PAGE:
mental health disorders and CRNAs


As many of you know, I've been accepted to anesthesia school (yea!). Unfortunately, a recent chain of events in my life (I'm going through a divorce after less than one year of marriage) has caused me a lot of distress for which I have sought therapy and medication management. I am worried that this info. on my health record (depression/anxiety) may have a negative affect in the future when I go to apply for CRNA positions. Is there any possibility that future employers would be able to gain access to this information or that I could be discriminated against when I go to apply for a job? No one wants to hire a CRNA who they fear could be mentally unstable, as it is so very, very important to be able to handle stress and be levelheaded in order to be responsible for people's lives on a daily basis. Thanks in advance for any insight that you CRNAs or SRNAs could offer me.


apaisRN, RN, CRNA

692 Posts

Kudos to you for getting therapy and medication. I'd be a lot more concerned about your ability to provide anesthesia care if you hadn't taken those steps to handle your situation!

Hopefully the CRNA/SRNAs here will have more insight, but as you know, it is illegal as hell to discriminate against someone for a mental health issue. I think depression and anxiety are so common (or should I say commonly admitted to) now that most of the medical world is pretty accepting of people getting treatment. There is no way a future employer should have any access to your records and from what we hear, there are so many CRNA jobs needing to be filled that no one is going to care about your personal life at all.

It's sort of funny, I have had similar issues all my life, and I never considered that it might impact any career except something with security requirements like the CIA. I guess because it has become a chronic thing, usually well managed, I don't think about it much. It's like asthma or something.



422 Posts

it's nobody's business but your own. get the help you need and move on. you will be able to accomplish your goal of becoming a crna no problem. best of luck to you in your future schooling.



1,093 Posts

i have friends in school who have been dx w/ depression and anxiety -

the important thing is that you recognize it and treat it - that says more for an individual than anything...

and - it is against the law to discriminate based on that criteria anyway!

good luck - and sorry about the rough yr you have had



145 Posts

It's a HIPAA world now, honey. No worries!

They can't even ask, and you are under no obligation to divulge. So don't. Your personal life is just that - separate it now from your academic and professional lives and you will be better off for it. Trust me on that one.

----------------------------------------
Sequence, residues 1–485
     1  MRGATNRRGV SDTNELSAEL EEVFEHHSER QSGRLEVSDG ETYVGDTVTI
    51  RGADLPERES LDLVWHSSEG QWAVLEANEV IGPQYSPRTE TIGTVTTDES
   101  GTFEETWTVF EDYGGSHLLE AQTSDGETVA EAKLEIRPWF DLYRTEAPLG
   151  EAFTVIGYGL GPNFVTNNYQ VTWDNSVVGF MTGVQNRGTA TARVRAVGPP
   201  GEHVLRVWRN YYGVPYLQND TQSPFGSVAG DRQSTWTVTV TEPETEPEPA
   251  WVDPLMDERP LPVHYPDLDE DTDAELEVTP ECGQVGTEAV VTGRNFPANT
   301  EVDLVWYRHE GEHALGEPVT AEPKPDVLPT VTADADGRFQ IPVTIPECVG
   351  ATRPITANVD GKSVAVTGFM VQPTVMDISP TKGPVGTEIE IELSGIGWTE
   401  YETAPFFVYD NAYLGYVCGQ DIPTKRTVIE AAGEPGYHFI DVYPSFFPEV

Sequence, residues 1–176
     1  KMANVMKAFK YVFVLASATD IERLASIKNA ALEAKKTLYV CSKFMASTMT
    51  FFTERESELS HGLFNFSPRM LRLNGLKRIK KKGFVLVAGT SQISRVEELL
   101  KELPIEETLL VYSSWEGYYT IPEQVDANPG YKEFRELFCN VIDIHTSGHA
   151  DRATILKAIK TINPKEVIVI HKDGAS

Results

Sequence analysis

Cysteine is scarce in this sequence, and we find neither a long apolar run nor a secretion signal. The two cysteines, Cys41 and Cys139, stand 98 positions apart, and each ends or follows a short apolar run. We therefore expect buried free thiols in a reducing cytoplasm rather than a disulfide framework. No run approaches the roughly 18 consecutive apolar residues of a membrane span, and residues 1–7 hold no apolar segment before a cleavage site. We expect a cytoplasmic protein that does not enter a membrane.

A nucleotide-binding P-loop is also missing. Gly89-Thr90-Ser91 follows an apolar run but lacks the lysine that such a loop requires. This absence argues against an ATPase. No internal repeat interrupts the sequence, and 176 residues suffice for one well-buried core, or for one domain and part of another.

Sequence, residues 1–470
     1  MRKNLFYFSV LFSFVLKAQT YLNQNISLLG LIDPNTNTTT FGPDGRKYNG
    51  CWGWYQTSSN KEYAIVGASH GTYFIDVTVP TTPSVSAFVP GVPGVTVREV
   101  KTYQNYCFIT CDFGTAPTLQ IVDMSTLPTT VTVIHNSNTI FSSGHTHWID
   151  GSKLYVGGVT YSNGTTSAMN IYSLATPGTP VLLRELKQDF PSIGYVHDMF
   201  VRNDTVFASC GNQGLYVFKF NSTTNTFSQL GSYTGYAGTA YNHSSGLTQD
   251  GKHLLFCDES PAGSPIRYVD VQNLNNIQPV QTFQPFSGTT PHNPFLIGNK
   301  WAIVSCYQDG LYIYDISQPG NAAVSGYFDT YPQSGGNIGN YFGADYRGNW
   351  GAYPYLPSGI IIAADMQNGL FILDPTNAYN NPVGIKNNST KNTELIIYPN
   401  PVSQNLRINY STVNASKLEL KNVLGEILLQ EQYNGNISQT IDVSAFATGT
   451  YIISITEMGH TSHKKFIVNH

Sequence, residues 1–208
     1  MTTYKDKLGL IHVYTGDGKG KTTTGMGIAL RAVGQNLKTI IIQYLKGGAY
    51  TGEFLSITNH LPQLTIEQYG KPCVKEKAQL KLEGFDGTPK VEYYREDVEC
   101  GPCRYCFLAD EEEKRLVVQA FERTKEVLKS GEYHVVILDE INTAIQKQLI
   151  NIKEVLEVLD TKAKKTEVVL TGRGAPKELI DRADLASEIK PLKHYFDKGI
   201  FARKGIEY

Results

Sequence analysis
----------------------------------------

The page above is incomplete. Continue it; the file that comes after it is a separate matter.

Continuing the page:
Take care of yourself first. It sounds like you are taking the right actions to ensure you get through this difficult time the best way you can, using the resources you have at your disposal. To me, that means that you are insightful enough to get the help you need, which is certainly a level-headed approach!



Specializes in MICU, CVICU. Has 1 years experience. 146 Posts

I've found honesty to be the best policy in general, and if you're worried that this may affect your acceptance then let them know after you're accepted. This way if any problems may arise or you feel like you may need some extra help, the staff/profs/whatever will know that it is a legitimate issue and will be better prepared to help you. I personally have never sturggled with this but my mom is bipolar and she struggles with who she should tell and who she shouldn't. She's a teacher in a smaller suburb and worries about the stigma of having a psych disorder especially since she works with kids. But, ultimately it is up to you to determine who you tell and who you don't. Best of luck in the future.



363 Posts

You're not the only nurse, srna, or crna with a mental disorder. Have you checked out the prevalence of alcoholism among CRNA's on the ANA site? you should take a gander. It's pretty high. I'm sure you understand why. Also, I'm sure anxiety and depression are more common in nursing than a lot of professions. it seems like everybody I know is on some cheery or anxiety medicine. don't worry so much. I think one trick is to find something new you love, and hold onto it, so your life doesn't revolve around your work.

You don't need to admit your faults. One is not obligated to go over his or her negative personality aspects during interviews, and I wouldn't volunteer any information. Besides, it is a couple years down the road before you will be getting into crna positions. as they say, no time like the present!

Hope it works out.


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